The end result?
A great comment on my evaluation from the administrator.
Seriously, my student’s grasped a concept they struggled with because I practiced mindfulness.
Being in the moment allowed me to be creative.
Also, it helped me remove distractions. I forgot all about the two students having a conversation. Incidentally, they forgot all about their conversation when I began mine about the patch.
Finally, with all the distractions removed and the stress decreased, I could focus better.
Basically, a minute of mindfulness saved my lesson!
Slows The Pace
Have you ever looked up at the clock at the sound of the dismissal bell and wondered where the time has gone?
Of course, you have.
The school day is fast paced. There’s so much to do and so little time to do it.
How often do you wait to even go to the bathroom because there’s no time?
All of this fast paced action wears you out.
Yes, there’re ways to streamline the process and make teaching easier (Read some of my other posts for tips on that like where to find great lesson plans that save time for free!).
But, what if you could slow down the pace in the midst of all of that action?
Practicing a few minutes of mindfulness does that for you!
In less than 10 minutes, you can take a moment for yourself, refocus your thoughts, create distance from your situation, and think rationally and objectionably.
Isn’t all of that worth the 10 minutes?
What if there was a way to do it in 7 minutes? Find out how at the end of this post.
How often have you rushed through your lunch to squeeze out 10 more minutes to grade more papers?
Wouldn’t be more effective to use that time for yourself?
Think about it-
You’d be refreshed to take on the rest of your day. In addition, you’d put whatever happened in the earlier part of the day behind you.
Also, you would slow the pace down so that you can enjoy the rest of your day.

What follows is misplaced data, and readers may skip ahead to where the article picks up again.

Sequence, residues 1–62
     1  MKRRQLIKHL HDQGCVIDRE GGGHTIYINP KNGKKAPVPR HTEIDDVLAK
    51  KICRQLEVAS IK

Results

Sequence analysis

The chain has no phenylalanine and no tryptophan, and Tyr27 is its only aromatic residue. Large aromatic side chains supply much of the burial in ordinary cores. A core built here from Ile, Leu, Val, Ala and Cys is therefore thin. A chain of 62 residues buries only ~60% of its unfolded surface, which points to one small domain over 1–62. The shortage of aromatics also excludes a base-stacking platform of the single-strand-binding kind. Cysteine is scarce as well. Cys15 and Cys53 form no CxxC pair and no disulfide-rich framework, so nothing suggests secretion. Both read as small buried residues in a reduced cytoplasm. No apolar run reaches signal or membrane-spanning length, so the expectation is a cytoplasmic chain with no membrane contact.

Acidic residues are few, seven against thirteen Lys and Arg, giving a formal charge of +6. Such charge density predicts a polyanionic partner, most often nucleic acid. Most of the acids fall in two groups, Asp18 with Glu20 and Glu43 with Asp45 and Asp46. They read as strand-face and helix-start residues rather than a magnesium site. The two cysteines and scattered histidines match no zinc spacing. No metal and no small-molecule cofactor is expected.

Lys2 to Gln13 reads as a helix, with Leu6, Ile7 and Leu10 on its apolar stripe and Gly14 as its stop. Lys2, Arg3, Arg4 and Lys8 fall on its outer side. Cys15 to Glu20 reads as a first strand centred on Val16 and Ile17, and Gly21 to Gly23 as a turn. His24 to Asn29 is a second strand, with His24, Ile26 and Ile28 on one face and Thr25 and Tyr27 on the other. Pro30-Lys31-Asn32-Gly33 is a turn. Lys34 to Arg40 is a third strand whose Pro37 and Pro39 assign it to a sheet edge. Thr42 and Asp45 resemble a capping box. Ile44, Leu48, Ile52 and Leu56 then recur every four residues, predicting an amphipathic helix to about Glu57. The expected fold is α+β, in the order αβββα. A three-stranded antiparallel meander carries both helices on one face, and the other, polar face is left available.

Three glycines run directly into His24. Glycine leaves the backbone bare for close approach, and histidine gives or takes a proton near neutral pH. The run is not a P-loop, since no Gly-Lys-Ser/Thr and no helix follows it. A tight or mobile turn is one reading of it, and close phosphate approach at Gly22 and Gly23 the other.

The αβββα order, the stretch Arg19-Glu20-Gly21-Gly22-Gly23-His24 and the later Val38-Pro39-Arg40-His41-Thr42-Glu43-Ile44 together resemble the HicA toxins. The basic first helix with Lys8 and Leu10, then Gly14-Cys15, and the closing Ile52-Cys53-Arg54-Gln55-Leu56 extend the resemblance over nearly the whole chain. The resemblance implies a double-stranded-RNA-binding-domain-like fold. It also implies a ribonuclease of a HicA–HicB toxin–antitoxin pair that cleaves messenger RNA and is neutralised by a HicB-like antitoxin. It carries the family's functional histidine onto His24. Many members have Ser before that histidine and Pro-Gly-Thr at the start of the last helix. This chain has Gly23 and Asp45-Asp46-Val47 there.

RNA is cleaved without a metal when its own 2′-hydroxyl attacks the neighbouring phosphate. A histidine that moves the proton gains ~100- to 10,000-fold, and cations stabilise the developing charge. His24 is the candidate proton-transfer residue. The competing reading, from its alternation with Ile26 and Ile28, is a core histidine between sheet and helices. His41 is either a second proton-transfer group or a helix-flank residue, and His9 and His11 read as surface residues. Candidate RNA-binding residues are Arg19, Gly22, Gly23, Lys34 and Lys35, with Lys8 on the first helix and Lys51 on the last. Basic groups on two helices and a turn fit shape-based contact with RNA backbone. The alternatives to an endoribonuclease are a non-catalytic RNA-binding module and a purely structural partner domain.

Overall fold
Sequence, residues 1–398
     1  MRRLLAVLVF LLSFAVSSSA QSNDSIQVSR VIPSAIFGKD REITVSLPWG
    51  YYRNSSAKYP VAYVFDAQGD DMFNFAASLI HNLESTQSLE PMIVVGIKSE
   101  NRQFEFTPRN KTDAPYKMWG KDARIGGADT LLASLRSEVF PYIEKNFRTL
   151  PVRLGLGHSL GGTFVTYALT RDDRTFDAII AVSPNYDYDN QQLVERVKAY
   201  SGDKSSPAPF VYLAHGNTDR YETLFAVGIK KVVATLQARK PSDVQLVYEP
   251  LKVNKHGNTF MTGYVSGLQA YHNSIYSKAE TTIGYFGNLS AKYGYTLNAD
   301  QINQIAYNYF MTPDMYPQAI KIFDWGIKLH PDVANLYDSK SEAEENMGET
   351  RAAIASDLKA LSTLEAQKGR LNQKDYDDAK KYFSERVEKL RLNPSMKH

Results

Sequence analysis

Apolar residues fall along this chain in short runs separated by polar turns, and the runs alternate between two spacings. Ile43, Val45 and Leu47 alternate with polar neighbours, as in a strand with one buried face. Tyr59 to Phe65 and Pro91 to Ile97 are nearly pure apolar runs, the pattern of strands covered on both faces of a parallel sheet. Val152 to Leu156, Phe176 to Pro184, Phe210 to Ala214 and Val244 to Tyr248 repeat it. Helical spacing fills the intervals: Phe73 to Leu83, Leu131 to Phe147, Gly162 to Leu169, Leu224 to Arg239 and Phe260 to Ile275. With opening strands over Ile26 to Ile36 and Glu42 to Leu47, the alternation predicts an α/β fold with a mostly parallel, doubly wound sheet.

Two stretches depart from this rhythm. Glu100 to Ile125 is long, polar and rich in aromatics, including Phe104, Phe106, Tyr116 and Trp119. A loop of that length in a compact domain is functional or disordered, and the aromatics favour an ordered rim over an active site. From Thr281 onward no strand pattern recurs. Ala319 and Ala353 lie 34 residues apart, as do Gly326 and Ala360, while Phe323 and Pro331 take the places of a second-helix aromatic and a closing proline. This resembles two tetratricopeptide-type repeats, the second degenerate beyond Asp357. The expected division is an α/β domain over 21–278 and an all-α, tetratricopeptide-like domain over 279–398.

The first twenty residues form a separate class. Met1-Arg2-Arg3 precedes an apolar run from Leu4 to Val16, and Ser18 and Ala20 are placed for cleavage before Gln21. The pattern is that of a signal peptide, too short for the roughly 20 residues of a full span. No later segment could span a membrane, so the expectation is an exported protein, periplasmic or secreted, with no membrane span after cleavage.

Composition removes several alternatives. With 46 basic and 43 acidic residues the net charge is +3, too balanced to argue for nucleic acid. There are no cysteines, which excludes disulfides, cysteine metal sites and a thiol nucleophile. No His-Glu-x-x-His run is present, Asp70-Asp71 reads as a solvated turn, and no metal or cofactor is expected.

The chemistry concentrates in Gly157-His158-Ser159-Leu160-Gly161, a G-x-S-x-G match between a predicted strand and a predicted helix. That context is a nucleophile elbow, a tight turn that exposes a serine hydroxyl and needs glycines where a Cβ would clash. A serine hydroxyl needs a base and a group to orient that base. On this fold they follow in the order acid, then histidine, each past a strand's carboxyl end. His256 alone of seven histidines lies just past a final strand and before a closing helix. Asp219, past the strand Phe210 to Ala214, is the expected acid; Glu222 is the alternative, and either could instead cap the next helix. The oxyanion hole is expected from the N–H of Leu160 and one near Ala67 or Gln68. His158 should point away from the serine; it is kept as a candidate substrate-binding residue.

Reduce Stress and Anxiety
I’ve already said it- teaching is stressful. It’s true.
Yet, you don’t have to feel the effects of that stress.
By using mindfulness to focus on the present, you remove the pressures of the past and the future.
Whatever has happened in the past can be a hindrance to you if you let it.
That’s the key. You have to choose to let go of the past so that you can move past it.
I learned that lesson from The Lion King. You know what I’m talking about? When Timon and Pumba are telling Simba that he has to put “his behind in his past.”
I know, they got it backward, yet it’s true.
You need to put your past behind you.
Whatever happened yesterday is done. Little Johnny acted up yesterday, and this is today.
Not only are you not living in yesterday, you’re not living in tomorrow.
It does no good to obsess over future test scores. That only makes you anxious.
Instead, enjoy the present by being mindful and watch the stress and anxiety melt away.
With mindfulness, there’s no second guessing.
There’s no what could’ve been or what happens next.
Matter of fact, there’s only what is happening now.
And there’s freedom in that.
Mindfulness and Teachers Were Made for Each Other
If there’s ever a profession that needs to practice mindfulness, it’s teaching.
There’s so many things that can go wrong.
You have so much responsibility.
The stress level is through the roof.
Yet, mindfulness will help you lower that stress, slow down the pace, improve your performance, and react positively with others.
To find out how to practice mindfulness in only 7 minutes, read my 7 Minute Mindfulness Review (Yes, it’s found on my other website livingwithvigor.com). It’s guaranteed to help you achieve mindfulness in only 7 minutes.
If you have a comment or question, leave me a comment. You know teachers, we love to share what works.
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Most of all, remember that teaching is a great privilege and not a burden.